A well-insulated loft can save you up to 40 per cent on your energy bill. Loft insulation cost isn’t as high as you might expect. Kitchen remodels, for example, often cost between 5 to 10 per cent of the price of your home but saves you much less money over time.
How do you know what kind of insulation you need, what kind of job needs to be done, and how much it will cost on average?
We’re about to pack in as much information as we can in this introductory article. Time to grab a cuppa and get cosy.
Insulation Types and R-Value
Determining the material you want to use for insulation and how much of it is a tough decision at times. For that, there’s a type of rating called an R-value, which is a rating of heat conduction.
This doesn’t measure convection, radiation, and air infiltration. The basic gist of that means that insulation is rated as a barrier to heat, but heat can still eventually flow through insulation.
Insulation can be gradually heated, and the many thousands of holes and cracks in bare construction will create airflow. Below is an unordered list of common insulation materials and their the corresponding R-value:
- Fibreglass: 2.2 – 2.7
- Mineral wool: 3.0 – 3.3
- Cotton: 3.7 – 3.8
- Sheep’s wool: 3.5 – 3.8
- Cellulose: 3.2 – 3.8
- Spray Foam: 5 – 6
These different materials come in different shapes and forms, for the most part. Even spray foam insulation material can even come as sheet insulation with reflective backing. Each insulation and type has its drawbacks and benefits.
Some different speciality insulator manufacturers have calculators you can even use, but generally a professional can give you the best idea of what will work in your loft space.
Batt or “Rolled” Insulation
Batt or “rolled” insulation comes in bundled rolls. These go between the studs in your loft and cut them when they would go over a joist. Material that comes this way would be mineral wool, fibreglass, cotton, and even treated sheep’s wool.
Rolled insulation often, but not always, comes with paper or foil backing to help keep it together and to reflect heat more efficiently. This is perhaps the most common form of insulation.
Loose Fill or “Blown-In” Insulation
Common loose fill, or blown-in, insulation is mineral wool, fibreglass, cotton, and sheep’s wool. Sheep’s wool has been mentioned a couple of times. We should mention that while it is on the rise for popularity as a natural and green insulation product while retaining sustainability and high quality as an insulator, it is still an expensive choice.
As a loose fill, it might be the best choice. Consider that loose fill means that the material is free to blow around or float in the air. Sheep wool tends to stay together better, and it isn’t an eye and skin irritant. Lanolin, naturally found in sheep’s wool, soothes skin and is highly sought after!
A bonus of sheep’s wool and lanolin is that while it is a natural product it is naturally flame retardant. For these reasons, sheep’s wool as a loose fill option might be your best choice.
Again, always talk with a professional first.
Spray Foam Insulation
Spraying foam sounds just as caustic as it is, while it is being spread and sets. The bonus is that it is extremely insular, and has excellent sound buffering qualities. The downside is that it’s quite expensive to install as a material.
However, the best way to use it is in the case you want to have a so-called “warm” loft. It keeps heat out of the loft altogether, as well as a sound buffer to make it a comfortable extra space in your home.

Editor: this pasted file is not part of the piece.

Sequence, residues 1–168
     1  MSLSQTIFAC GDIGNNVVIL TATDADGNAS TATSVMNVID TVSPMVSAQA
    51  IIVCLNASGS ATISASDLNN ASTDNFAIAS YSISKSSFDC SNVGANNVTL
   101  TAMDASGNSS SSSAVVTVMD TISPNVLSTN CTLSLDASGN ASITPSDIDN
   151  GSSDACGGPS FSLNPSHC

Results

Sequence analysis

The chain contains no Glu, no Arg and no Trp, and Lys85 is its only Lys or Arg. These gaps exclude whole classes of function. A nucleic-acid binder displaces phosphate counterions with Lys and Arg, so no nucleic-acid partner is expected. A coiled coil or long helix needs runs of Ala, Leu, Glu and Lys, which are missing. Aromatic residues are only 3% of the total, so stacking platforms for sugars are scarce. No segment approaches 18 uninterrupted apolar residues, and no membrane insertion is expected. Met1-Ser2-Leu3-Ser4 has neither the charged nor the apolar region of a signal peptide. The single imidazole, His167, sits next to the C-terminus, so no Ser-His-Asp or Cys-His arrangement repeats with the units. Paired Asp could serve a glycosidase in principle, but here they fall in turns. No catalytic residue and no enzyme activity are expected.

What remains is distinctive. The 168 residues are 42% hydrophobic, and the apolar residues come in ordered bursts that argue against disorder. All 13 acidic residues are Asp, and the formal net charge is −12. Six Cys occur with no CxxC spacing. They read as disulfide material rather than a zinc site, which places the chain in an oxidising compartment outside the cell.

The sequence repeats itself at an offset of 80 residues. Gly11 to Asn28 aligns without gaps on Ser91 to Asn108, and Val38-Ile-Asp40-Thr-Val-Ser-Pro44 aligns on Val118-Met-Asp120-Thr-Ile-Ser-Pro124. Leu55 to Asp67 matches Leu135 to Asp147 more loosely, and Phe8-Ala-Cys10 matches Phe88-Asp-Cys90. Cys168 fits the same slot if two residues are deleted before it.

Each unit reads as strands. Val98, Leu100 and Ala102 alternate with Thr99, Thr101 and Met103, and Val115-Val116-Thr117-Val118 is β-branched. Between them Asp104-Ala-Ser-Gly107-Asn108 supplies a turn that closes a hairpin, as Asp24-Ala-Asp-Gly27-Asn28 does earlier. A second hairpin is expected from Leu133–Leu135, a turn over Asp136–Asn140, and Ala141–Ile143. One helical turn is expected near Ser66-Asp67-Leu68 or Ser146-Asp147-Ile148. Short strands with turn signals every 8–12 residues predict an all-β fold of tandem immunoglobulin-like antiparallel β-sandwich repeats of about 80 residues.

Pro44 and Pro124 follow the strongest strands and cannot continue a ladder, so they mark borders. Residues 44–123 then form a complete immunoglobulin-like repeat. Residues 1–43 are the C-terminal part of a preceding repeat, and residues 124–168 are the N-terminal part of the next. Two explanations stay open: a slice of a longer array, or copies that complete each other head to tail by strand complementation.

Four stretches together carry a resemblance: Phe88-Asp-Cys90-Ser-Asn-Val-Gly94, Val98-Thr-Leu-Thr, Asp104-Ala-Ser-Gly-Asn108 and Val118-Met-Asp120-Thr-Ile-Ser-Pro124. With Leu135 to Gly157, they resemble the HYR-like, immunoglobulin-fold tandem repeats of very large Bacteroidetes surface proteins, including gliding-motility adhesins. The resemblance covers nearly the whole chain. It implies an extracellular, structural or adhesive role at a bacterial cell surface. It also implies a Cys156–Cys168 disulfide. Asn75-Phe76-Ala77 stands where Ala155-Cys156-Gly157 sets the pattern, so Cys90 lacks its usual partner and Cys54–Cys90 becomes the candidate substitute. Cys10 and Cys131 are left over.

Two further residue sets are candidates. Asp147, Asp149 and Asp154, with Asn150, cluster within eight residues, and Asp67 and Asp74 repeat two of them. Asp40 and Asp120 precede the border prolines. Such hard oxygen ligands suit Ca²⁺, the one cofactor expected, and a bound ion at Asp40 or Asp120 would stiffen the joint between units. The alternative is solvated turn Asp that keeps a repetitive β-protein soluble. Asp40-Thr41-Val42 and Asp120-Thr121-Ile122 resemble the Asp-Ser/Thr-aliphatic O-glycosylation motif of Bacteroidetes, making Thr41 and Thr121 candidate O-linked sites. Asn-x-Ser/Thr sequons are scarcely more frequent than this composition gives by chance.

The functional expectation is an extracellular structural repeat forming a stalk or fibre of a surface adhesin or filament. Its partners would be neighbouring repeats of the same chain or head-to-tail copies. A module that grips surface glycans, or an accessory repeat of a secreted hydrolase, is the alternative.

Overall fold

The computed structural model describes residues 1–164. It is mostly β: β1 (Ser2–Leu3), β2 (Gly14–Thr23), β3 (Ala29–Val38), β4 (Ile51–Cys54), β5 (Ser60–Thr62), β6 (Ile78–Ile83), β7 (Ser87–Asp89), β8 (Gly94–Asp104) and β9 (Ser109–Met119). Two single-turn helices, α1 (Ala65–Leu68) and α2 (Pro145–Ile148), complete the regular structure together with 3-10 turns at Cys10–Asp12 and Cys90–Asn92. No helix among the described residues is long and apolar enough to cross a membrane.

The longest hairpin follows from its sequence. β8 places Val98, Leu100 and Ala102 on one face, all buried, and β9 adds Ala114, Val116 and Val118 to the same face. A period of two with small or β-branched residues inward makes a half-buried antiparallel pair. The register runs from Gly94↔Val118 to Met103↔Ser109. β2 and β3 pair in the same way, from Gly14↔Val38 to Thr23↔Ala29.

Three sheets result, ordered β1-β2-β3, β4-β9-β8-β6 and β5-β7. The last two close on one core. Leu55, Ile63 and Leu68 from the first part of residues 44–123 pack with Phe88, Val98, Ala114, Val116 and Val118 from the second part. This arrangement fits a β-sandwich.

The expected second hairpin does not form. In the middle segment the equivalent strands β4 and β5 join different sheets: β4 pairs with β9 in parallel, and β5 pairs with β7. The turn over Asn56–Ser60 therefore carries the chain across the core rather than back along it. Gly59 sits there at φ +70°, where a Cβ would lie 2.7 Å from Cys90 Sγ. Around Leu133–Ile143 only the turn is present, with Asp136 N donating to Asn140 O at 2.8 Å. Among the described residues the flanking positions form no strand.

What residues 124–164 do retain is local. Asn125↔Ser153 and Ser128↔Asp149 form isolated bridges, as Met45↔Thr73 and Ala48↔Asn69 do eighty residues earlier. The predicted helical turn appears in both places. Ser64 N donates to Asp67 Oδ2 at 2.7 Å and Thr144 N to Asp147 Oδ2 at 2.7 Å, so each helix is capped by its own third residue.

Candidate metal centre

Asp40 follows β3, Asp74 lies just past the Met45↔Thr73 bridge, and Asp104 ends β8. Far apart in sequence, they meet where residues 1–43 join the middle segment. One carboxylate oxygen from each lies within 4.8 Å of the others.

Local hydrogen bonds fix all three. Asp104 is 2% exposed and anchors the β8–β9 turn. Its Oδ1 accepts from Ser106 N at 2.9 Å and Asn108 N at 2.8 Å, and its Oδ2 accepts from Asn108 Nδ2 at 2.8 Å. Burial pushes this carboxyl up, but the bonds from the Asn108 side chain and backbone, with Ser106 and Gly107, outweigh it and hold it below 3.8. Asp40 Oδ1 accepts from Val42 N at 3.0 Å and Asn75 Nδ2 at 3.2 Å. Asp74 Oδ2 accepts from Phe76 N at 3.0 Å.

However, if you are not wanting to make it another livable space, you can still insulate the same as you would for loose fill insulation.
Choosing a Warm or Cold Loft
This brings us to the subject of having a “warm” loft or a “cold” loft. This is somewhat confusing, but a cold loft is one that is cold in winter and hot in the summer. Essentially, it is uninsulated, and “exposed” to the heat or cold outside.
This is an important consideration since pipes will need to be insulated so as not to freeze during low temperatures. The other thing to think of is as a storage space, items might not deal with constantly fluctuating temperatures.
A warm loft is one which is insulated to provide a barrier from the outside elements, including noise. This creates a temperature-controlled storage space or living space.
The Factors Affecting Loft Insulation Cost
So, let’s get to the nitty-gritty. How much is loft insulation? It depends on what kind of insulation you’re using, and how you’re using it—in a cold or warm loft.
The price fluctuates a bit for installations, but batt insulation typically comes in at £2.50 per m2. Foam insulation takes about 4 hours in most cases, is best for a warm loft, and costs the most, unfortunately. Depending on the thickness of the spray foam you need, between £40 and £70 per m2.
Finally, we’re answering “how much does it cost to insulate a loft?”
£55 per hour for typical installation. £65 for skilled installation around junction boxes and if you are installing downlights as well. Since most jobs come between 2 to 4 hours of labour, that means £210 to £260 on average.
Why would you need that skilled labour for installation? Plumbing and electrical in the loft, whether cold or warm, require special handling. Plumbing requires insulation, while electrical like downlights requires that insulation stay away.
A professional can give you a quote for your square meters, thickness and possible time required for a more accurate estimate.
Warm and Cozy
Now you know that loft insulation cost doesn’t have to be mysterious and scary. Especially when you can sit inside your warm loft, having a cuppa while you’re looking out your window on a cold day.
Even better if you can enjoy your cuppa with great articles on home, tech, and lifestyle tips. We are here to help you save money and give you great life hacks along the way.
Keep reading to see what you can find out!